Jun 26, 2018
TOKYO - With the Ogasawara Islands marking the 50th anniversary of their return to Japan from U.S. occupation on Tuesday, a plan to connect the remote subtropical islands with the Japanese mainland by air services has come under the spotlight again.
Residents have long hoped for flight services to boost tourism and convenience as traveling to Chichijima, one of around 30 islands in the Pacific about 1,000 kilometers south of Tokyo, takes 24 hours by ship.
But some are concerned about the potential disruption from building an airport on rare natural habitats, while others are worried about the financial cost.
The islands, dubbed the "Galapagos of the Orient" for their rich and distinctive biodiversity, are a popular destination for eco-tourism.
Although the Ogasawara Islands were added to the list of UNESCO's World Heritage sites in 2011, the number of visitors remains low, compared with Okinawa Prefecture, which receives many tourists as its islands are well connected with various flights including international services.
Currently, a ferry service, operating roughly once a week, connects the island of Chichijima and Tokyo's Takeshiba terminal. People who require urgent hospital care are airlifted to the Japanese mainland by the Self-Defense Forces, a process that still takes hours.
"When we think about children and others (in need), flight services are absolutely necessary," said Shigeo Ichiki, a 47-year-old member of the Ogasawara assembly.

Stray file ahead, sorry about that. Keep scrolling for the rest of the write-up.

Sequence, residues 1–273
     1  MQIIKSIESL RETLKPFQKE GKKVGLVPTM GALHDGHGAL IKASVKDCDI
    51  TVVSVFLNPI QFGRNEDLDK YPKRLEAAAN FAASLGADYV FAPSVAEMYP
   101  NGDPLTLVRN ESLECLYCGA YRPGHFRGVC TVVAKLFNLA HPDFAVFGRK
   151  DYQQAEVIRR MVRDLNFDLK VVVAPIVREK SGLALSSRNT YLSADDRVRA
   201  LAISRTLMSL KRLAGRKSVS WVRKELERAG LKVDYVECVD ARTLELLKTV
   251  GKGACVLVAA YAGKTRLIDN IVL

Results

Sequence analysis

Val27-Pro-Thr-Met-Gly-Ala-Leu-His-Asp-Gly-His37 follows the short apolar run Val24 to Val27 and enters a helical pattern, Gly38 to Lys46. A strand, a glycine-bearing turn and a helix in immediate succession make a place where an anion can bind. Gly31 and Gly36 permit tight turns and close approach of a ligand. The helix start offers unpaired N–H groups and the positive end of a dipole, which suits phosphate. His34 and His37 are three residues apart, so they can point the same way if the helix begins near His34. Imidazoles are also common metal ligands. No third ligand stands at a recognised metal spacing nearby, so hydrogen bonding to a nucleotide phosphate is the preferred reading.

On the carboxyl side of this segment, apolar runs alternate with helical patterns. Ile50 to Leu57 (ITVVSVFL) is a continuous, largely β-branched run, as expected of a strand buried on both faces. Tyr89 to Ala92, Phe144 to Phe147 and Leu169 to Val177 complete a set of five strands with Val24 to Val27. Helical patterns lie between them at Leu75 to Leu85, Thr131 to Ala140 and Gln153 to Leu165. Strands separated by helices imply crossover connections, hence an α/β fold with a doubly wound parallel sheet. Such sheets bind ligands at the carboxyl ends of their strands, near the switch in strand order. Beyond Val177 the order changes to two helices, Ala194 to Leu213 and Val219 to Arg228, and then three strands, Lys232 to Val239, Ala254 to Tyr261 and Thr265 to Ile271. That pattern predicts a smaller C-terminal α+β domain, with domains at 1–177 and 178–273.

He opposed the plan for flight services when he moved to Ogasawara 17 years ago, but he changed his mind after his wife had a miscarriage while she was on her way by ship to the hospital on the main island.
Ichiki's belief was reinforced when he saw an islander was not able to get to the mainland to attend a family funeral.
According to a survey of islanders conducted 10 years ago by the municipality, about 70 percent said a flight service connecting the remote islands and the mainland was necessary.
An air service plan was discussed shortly after the 1968 reversion of the islands from the postwar U.S. occupation, but the plan stalled after several candidate sites for the airport were rejected.
(Commemorative coin marking the 50th anniversary of islands' return)
The Ogasawara islands, with a population of about 2,600 all living on Chichijima or Hahajima, are under the jurisdiction of the Tokyo metropolitan government and administered by Ogasawara municipal government.
In July last year, the metropolitan government resumed discussions for the first time in seven years on opening an air route to Ogasawara, in which council members agreed on a plan to develop an airport in the Susaki district in the western part of Chichijima.
Although the district is outside the boundary of the natural World Heritage site, there is concern about the impact that building runways could have on surrounding waters as well as how to make the new route profitable.
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